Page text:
When Alsos leader Sam Goudsmit was investigating the Germany nuclear work, he was struck by how little of it was kept very secret — evidence, in his mind, that they had not gotten very far with it. (S.A. Goudsmit and F.A.C. Wardenburg, "TA-Straussburg Mission," (8 December 1944), copy in the Bush-Conant file, Roll 1, Target 6, Folder 5.)

When Alsos leader Sam Goudsmit was investigating the Germany nuclear work, he was struck by how little of it was kept very secret — evidence, in his mind, that they had not gotten very far with it. (S.A. Goudsmit and F.A.C. Wardenburg, “TA-Straussburg Mission,” (8 December 1944), copy in the Bush-Conant file, Roll 1, Target 6, Folder 5.)

Separate from the technical argument is a bureaucratic one — if the Germans supposedly made such progress, why is was there no organizational evidence of it in the copious reports, papers, formal and informal statements, and so on that were discovered by the Alsos project, later researchers, and at Farm Hall? Big programs leave big traces. If one wants to claim that the German program was big, one has to show where those traces are, or come up for a plausible argument for why there are no traces.

This does not mean that one might not find more evidence in the future. It just means that any claims and evidence need to fit within the existing technical and bureaucratic narratives. For example, one could argue, “oh, but they did have a massive isotopic enrichment plant, and it was here, and here is evidence of — if one had the evidence. On the bureaucratic side, one could argue that people who we previously thought were important in the program (e.g. Gerlach) were actually out of the loop entirely. Or something along those lines.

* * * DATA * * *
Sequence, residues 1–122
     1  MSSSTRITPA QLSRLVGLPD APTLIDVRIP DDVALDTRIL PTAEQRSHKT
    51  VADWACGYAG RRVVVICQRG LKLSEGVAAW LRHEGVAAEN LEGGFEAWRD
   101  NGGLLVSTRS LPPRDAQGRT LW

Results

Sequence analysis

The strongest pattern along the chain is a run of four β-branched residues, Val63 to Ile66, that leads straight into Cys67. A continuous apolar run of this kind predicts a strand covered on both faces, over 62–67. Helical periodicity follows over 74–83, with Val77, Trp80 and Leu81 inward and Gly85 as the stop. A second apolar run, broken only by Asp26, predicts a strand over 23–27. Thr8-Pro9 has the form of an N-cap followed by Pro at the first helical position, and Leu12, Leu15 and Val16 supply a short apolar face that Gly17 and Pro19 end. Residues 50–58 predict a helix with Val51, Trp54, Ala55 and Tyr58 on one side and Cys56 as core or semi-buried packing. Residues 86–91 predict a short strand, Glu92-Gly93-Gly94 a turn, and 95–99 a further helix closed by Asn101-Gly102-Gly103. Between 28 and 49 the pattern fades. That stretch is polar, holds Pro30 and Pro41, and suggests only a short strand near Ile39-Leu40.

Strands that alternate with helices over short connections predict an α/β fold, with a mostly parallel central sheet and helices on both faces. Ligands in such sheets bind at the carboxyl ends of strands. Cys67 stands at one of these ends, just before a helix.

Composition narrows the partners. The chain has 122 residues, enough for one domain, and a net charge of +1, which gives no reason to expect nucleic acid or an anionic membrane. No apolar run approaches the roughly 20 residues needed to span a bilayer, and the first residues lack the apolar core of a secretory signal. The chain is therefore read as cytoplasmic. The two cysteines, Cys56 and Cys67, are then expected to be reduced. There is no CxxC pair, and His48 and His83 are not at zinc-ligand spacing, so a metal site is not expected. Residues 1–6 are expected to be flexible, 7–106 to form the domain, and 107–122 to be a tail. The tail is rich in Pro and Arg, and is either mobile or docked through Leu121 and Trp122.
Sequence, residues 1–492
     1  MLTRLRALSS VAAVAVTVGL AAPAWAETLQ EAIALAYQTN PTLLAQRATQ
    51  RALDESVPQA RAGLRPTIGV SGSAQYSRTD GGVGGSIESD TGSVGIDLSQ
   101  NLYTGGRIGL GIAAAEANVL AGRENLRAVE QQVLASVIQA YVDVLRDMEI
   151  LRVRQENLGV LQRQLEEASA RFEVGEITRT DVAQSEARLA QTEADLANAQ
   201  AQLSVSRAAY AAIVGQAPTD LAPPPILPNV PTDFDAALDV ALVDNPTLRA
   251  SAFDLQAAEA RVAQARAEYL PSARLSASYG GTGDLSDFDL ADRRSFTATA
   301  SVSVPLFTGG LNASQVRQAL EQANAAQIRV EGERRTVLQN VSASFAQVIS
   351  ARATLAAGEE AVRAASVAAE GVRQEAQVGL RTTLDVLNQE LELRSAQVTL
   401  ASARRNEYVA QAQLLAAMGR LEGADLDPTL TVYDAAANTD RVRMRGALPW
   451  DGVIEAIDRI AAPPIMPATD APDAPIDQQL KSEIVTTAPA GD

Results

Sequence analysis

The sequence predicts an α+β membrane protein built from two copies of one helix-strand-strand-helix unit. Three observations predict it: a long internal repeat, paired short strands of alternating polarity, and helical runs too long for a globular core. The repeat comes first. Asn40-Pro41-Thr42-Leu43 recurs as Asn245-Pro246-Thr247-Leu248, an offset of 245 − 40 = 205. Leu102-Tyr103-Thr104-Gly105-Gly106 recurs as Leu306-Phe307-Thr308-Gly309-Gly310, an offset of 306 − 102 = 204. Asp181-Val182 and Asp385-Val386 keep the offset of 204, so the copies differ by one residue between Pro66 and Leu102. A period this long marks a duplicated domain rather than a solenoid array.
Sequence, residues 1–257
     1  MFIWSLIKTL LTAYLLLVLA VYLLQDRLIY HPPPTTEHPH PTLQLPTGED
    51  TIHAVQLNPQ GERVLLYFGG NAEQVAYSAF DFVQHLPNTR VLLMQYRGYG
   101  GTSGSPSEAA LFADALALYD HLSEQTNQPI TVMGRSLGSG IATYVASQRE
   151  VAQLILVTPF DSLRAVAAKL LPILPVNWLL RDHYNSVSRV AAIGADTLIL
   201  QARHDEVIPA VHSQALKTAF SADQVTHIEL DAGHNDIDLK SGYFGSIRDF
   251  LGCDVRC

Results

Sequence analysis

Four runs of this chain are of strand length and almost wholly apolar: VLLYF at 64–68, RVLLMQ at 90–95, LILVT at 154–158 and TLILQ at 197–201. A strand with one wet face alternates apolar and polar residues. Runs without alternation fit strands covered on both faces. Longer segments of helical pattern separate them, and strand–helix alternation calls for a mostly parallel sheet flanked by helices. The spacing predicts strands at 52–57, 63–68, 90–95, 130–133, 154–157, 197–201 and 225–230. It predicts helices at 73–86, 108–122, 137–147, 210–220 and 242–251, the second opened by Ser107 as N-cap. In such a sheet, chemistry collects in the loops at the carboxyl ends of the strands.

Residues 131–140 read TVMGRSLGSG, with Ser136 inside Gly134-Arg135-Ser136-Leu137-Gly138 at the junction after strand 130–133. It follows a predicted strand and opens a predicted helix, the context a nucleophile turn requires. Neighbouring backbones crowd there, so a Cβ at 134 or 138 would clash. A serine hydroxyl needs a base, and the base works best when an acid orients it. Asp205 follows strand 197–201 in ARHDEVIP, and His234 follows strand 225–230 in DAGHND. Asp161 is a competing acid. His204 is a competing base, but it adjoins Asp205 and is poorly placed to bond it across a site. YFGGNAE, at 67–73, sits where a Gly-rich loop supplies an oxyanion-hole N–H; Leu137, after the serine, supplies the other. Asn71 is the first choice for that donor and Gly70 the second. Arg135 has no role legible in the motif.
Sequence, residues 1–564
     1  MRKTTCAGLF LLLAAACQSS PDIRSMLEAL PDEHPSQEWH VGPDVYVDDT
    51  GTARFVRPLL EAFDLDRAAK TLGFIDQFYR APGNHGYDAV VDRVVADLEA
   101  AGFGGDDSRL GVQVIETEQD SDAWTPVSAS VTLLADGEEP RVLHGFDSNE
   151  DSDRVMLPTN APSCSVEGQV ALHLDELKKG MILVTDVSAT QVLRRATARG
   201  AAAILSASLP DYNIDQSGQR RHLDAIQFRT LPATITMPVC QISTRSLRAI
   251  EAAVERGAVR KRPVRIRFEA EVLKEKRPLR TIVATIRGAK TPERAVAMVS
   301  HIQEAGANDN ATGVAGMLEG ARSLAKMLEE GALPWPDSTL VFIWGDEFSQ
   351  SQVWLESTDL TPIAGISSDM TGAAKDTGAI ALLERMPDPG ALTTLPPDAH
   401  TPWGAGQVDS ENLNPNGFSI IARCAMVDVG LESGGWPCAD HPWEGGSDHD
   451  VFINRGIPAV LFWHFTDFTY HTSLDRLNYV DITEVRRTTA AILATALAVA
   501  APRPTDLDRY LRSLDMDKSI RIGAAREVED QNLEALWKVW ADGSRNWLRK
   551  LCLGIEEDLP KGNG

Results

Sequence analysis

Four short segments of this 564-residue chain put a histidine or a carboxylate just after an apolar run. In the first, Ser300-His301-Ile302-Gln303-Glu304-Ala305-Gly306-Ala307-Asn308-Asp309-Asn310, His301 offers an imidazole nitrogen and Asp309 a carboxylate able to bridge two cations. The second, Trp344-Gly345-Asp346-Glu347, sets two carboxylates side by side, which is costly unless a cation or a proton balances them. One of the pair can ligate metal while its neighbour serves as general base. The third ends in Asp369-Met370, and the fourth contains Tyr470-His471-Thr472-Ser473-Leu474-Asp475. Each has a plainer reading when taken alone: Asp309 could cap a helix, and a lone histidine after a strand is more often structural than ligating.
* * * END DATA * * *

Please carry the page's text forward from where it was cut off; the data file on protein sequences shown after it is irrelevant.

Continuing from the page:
Weekly World News, 2002: "Confederacy was Building an Atomic bomb."

Weekly World News, 2002: “Confederacy was Building an Atomic bomb.” No comment!

But you can’t just find a hole in the ground and say, “ah, here is where Hitler was making a bomb.” Aside from the implausibility of a nuclear program existing in a single underground bunker, by itself this kind of claim hasn’t done the work to be plausible. At best, if done in good faith, it is a claim along the lines of “oh, maybe this is worth looking into more.” That is fine — hey, I’d even nominally support that — but one shouldn’t be going to the newspapers about it at that stage, and the newspapers shouldn’t be passing off your claim as having more validity than half of the other implausible claims that circulate around these topics. This is premature, and the net effect is going to be misleading for the readership.

As historians, we need to be open to the idea that there are still mysteries to be solved, secrets to be unearthed, even about ground that superficially looks well-trodden. But I wish journalists would do a little better than just re-printing the overblown claims of unreliable sources, without checking with experts on their plausibility. Couching it as, “this guy made a claim” doesn’t get you off the hook, because we all know that only the initial, big-claim story is the one that will be passed around, and that almost nobody will notice when no follow-ups occur, or the mild “so no evidence turned up for this guy’s big claim” story comes out.